"The Committee obtained some information suggesting Kilimnik may have been connected to the GRU's hack and leak operation targeting the 2016 U.S. election," the report said, referring to the Russian military intelligence service by its initials.
U.S. intelligence agencies have said hackers working for GRU were directly involved in breaking into the Democratic National Committee's servers as well as breaching the email account of John Podesta, Hillary Clinton’s campaign manager.
Manafort shared Trump campaign’s internal polling data with Kilimnik prior to the 2016 election. And in the months after November 2016, Manafort continued to work with Kilimnik and other Russians “to undermine evidence that Russia interfered in the 2016 U.S. election,” the report said.
"Manafort's high level access and willingness to share information with individuals closely affiliated with the Russian intelligence services, particularly Kilimnik and associates of Oleg Deripaska, represented a grave counterintelligence threat," the report said.
The hack and breaching of the DNC and Podesta email account were ordered by Russian President Vladimir Putin, the committee report said.
The stolen information was then exposed on WikiLeaks, and Trump campaign senior officials worked with Trump confidant Roger Stone to "obtain advance information about WikiLeaks's planned releases," the report said. Stone was later found guilty of lying to Congress, but Trump commuted his prison sentence.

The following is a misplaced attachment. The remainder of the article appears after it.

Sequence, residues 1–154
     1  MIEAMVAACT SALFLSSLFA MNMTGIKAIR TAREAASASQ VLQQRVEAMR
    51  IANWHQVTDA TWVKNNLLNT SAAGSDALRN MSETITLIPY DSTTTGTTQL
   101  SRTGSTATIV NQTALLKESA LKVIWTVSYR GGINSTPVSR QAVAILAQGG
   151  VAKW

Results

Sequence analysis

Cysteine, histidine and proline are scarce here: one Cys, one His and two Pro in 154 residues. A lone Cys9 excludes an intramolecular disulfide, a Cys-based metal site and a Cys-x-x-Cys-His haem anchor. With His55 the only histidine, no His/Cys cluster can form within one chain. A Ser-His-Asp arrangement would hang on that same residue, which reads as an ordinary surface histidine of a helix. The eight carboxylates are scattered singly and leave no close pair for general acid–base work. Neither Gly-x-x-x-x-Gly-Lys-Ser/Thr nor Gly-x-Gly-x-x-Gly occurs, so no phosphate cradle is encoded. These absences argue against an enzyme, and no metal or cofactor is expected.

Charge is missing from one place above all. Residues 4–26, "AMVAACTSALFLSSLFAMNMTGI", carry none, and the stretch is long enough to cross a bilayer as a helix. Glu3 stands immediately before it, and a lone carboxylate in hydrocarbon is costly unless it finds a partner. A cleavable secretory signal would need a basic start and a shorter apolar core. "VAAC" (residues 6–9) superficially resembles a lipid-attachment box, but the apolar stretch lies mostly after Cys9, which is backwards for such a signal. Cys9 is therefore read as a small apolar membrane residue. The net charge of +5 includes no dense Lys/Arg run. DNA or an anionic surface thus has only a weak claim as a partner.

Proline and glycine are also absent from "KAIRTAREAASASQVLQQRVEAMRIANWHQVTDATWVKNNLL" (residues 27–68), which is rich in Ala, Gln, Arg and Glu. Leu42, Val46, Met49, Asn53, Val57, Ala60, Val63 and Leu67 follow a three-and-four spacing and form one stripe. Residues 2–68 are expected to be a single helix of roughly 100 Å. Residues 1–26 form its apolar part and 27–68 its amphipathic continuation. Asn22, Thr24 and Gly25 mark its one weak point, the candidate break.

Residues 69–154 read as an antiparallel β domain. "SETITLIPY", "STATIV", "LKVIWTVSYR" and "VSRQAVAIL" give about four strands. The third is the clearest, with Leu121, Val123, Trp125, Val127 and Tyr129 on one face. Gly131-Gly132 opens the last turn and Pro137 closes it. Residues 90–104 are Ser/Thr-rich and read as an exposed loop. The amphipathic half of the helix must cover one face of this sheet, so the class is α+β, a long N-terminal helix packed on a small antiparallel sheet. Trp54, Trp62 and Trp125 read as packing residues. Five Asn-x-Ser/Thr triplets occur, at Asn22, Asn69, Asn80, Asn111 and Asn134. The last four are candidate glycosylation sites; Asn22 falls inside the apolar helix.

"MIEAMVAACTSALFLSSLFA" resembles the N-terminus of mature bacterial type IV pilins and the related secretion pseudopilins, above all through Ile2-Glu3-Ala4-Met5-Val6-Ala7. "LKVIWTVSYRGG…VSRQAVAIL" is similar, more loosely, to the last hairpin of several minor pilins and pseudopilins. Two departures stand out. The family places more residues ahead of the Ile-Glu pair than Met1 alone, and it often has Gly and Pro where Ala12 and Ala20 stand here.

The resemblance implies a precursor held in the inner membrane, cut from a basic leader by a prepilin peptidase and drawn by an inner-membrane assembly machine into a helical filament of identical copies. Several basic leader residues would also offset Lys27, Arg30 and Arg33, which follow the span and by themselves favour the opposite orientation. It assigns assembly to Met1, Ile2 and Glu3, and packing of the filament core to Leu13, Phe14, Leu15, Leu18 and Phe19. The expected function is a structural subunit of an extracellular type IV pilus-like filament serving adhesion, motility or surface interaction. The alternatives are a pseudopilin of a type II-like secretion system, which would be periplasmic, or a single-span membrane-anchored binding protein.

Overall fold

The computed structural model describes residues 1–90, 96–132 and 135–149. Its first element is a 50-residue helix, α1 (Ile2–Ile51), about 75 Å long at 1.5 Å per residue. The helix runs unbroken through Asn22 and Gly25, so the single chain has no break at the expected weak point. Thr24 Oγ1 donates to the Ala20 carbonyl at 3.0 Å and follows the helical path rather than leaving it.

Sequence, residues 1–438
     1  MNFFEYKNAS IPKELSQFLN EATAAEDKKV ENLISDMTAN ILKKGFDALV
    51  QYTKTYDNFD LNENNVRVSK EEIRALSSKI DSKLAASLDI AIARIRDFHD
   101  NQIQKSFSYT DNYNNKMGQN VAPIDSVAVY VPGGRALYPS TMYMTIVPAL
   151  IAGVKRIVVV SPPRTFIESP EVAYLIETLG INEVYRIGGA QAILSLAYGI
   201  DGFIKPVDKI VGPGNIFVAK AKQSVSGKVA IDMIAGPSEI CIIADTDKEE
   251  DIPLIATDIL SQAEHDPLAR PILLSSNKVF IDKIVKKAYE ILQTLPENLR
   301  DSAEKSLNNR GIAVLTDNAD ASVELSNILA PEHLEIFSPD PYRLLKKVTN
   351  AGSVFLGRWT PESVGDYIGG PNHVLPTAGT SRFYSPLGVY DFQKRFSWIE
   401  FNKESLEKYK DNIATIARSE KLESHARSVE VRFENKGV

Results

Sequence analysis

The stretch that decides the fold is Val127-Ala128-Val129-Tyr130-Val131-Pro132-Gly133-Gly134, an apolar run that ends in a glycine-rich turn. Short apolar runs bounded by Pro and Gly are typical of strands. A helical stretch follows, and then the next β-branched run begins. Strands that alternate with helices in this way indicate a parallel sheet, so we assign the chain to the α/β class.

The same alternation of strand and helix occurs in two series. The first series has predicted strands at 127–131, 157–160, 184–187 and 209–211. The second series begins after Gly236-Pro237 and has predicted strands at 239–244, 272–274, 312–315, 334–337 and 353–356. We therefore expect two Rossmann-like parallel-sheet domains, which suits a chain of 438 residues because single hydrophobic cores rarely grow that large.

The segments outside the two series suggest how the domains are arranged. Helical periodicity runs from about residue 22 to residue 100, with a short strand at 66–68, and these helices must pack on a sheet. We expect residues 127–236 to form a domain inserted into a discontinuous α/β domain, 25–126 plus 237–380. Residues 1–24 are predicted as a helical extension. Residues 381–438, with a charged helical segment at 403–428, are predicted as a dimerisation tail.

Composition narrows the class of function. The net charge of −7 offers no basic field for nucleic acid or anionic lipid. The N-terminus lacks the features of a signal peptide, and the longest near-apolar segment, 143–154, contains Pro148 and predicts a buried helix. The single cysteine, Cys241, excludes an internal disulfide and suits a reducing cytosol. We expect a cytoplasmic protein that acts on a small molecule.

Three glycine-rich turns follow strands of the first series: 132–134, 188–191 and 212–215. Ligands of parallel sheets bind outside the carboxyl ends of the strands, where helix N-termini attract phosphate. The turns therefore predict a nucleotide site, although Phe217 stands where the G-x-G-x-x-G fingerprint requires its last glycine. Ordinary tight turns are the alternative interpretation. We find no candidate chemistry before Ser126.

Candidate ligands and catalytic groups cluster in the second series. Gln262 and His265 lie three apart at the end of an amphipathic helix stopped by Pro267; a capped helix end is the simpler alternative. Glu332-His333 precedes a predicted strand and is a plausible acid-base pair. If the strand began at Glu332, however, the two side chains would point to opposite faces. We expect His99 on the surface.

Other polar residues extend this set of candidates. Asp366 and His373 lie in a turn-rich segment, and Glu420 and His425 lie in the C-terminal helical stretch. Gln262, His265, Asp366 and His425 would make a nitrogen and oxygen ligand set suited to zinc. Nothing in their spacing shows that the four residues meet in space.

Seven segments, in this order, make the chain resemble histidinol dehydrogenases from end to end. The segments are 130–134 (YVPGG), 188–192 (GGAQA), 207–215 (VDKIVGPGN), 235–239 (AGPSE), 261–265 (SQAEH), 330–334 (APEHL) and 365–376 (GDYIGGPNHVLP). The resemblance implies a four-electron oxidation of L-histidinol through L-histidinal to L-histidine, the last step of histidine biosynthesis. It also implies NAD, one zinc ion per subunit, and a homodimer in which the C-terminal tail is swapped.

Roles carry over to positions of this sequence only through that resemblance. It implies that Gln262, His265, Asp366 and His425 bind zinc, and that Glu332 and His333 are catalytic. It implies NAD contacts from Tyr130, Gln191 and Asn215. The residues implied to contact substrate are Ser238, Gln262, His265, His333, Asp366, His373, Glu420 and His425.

The report said the committee uncovered previously unknown links between the Kremlin and the Russian lawyer Natalia Veselnitskaya, who arranged a meeting with Trump associates at Trump Tower in June 2016. After initially saying that the meeting was about Americans adopting Russian kids, Trump and his associates admitted the Russians offered to help the Trump campaign.
Veselnitskaya and Rinat Akhmetshin, who was present at the meeting "have significant connections to the Russian government, including the Russian intelligence services," the report said. "The connections the Committee uncovered, particularly regarding Veselnitskaya, were far more extensive and concerning than what had been publicly known, and neither Veselnitskaya nor Akhmetshin were forthcoming with the Committee regarding those connections."
The report also faulted the FBI for botching its investigation into the Russian influence and hacking operations, as well as the DNC for its response.
"The FBI could have, and should have, escalated its communications to the DNC much sooner than it did, but also that the DNC interlocutors did not assign appropriate weight to the FBI's warnings," the report said. "Communication on both sides was inadequate, further confusing an already complex situation."
The agency also placed "unjustified credence" on a dossier by Christopher Steele, a former British spy, and used that information to obtain a surveillance warrant on a Trump campaign aide, the committee said. The agency did not budge from its position even as contrary information emerged later, the report found.
"During both of these matters, the FBI did not quickly identify the problem and adjust course when it became clear its actions were ineffective," the report said.